Users will be able to make changes to permissions in the Security & Privacy section of their Mac's System Preferences.

For apps that are distributed outside the Mac App Store, Apple is introducing the option for developers to "Notarize" their apps. An extension to Apple's existing Developer ID program for verifying the creators of apps, developers can submit their apps to Apple for review, with notarized apps confirmed by the company to be free of malware and other hazards.




As well as providing an extra level of protection to users, notarizing apps will also make it easier to revoke specific compromised versions of apps compared to the existing signing certificate system, which can revoke all apps using the same certificate.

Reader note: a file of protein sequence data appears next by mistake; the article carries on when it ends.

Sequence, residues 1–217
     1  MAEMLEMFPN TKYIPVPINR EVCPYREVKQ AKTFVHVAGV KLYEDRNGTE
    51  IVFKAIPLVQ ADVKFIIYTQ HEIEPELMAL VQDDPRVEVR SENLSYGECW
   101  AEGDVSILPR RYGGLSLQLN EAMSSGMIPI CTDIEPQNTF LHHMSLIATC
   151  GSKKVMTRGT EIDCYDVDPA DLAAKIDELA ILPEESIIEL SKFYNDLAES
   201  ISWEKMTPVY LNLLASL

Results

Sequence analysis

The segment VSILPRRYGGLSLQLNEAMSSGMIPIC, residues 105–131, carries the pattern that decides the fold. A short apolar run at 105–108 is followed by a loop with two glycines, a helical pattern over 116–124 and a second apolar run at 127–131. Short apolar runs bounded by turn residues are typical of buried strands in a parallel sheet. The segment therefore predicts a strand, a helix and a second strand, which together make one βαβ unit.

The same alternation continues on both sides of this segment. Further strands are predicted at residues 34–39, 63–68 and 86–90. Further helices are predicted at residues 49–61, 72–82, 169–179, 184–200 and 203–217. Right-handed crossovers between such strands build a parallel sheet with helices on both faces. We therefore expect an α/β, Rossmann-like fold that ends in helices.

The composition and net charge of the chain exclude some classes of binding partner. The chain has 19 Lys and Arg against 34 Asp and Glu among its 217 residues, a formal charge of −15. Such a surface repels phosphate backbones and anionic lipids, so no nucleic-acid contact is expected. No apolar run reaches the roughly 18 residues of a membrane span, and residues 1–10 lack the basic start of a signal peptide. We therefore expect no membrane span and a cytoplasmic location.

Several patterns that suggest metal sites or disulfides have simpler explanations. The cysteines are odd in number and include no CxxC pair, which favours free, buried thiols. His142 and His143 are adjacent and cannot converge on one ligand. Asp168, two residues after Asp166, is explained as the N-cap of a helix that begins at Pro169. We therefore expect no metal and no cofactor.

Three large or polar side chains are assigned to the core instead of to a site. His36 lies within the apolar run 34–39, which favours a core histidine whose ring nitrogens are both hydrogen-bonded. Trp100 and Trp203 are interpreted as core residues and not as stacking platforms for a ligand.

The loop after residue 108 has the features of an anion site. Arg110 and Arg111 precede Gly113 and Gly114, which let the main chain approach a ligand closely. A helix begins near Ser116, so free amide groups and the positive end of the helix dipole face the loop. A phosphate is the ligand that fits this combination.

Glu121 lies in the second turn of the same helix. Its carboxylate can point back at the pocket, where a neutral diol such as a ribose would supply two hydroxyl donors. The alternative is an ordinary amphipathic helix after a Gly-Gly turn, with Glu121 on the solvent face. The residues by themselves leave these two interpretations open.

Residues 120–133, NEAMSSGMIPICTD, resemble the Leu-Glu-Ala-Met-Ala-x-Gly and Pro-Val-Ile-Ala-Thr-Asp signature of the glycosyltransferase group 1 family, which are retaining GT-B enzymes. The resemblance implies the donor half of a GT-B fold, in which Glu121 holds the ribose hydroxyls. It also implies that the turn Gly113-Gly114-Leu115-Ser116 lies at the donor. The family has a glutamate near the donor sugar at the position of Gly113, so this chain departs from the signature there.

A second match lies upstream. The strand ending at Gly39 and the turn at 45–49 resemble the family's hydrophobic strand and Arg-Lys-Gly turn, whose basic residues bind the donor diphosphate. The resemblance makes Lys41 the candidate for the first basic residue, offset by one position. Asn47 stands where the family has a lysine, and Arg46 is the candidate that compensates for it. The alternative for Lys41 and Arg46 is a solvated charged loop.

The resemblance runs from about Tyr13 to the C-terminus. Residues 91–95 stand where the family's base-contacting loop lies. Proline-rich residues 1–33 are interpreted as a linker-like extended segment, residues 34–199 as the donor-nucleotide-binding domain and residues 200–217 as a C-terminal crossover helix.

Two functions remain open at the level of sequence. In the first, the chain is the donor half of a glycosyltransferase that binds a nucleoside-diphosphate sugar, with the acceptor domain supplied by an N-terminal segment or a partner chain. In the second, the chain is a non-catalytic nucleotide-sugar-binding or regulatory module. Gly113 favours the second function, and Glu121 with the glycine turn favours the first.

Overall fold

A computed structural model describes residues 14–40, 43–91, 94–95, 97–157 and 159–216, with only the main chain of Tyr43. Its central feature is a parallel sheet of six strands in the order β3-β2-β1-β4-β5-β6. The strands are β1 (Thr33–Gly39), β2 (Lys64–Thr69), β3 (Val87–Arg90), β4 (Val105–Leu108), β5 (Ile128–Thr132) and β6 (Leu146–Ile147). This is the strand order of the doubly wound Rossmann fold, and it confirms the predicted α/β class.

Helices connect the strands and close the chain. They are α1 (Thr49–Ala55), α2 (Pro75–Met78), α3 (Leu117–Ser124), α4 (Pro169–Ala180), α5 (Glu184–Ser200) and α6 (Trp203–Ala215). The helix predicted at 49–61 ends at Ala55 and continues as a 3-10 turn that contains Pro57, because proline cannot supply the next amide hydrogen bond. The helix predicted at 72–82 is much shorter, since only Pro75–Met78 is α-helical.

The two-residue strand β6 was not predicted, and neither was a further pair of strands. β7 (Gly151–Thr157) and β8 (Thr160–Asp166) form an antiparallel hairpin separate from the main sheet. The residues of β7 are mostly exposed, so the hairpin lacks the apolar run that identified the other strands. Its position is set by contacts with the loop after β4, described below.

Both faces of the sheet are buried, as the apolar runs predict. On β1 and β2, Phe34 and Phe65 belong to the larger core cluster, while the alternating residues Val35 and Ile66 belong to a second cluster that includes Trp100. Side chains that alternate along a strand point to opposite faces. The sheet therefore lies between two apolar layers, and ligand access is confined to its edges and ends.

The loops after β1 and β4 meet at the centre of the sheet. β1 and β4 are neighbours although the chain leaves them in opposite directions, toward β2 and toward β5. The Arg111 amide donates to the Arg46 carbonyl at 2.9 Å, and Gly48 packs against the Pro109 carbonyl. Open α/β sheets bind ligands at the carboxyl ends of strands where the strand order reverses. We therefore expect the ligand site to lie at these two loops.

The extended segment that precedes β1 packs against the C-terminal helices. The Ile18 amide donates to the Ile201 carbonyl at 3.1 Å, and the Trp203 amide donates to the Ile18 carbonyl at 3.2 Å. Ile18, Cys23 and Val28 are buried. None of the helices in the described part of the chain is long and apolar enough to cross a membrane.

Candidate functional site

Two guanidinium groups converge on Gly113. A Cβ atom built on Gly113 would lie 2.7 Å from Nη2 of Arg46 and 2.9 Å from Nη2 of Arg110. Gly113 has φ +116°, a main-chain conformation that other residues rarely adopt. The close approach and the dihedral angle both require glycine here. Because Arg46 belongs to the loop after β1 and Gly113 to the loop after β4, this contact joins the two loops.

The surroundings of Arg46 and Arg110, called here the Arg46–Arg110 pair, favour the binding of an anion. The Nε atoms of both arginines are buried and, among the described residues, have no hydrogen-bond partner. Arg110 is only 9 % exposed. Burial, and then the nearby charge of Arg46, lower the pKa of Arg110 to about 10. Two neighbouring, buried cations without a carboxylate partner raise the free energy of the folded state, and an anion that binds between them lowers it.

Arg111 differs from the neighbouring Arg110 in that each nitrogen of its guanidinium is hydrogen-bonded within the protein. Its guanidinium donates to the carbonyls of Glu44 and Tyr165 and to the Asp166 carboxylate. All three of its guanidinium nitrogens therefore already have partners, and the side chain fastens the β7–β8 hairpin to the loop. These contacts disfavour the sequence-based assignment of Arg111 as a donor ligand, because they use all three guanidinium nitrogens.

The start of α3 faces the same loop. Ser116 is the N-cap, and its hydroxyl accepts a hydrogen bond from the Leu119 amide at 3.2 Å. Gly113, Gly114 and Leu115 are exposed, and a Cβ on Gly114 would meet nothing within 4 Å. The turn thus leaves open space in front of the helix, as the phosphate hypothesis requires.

Apple advises that the notarization is not an app review process, but one that checks just for security issues. Developers are also warned that future versions of macOS will require Developer ID apps to be notarized before they can be installed.

For personal data protection online, Safari has an enhanced Intelligent Tracking Prevention feature that aims to reduce the number of data points advertisers can acquire. These make up a digital fingerprint, which can be used to track a user's movements online.

Safari's new protections include stopping social media buttons to "like" and "share" content from providing identifying information. Safari will also present advertisers with a set of simplified system information, one that makes the user's Mac look indistinguishable from other Safari users, increasing the difficulty of tracking users by making that data point practically unusable.

Apple has also confirmed macOS Mojave will be the last version of the operating system to support 32-bit apps "without compromises." Developers will need to migrate to 64-bit if they haven't already, if they wish for their apps to be usable with future macOS releases.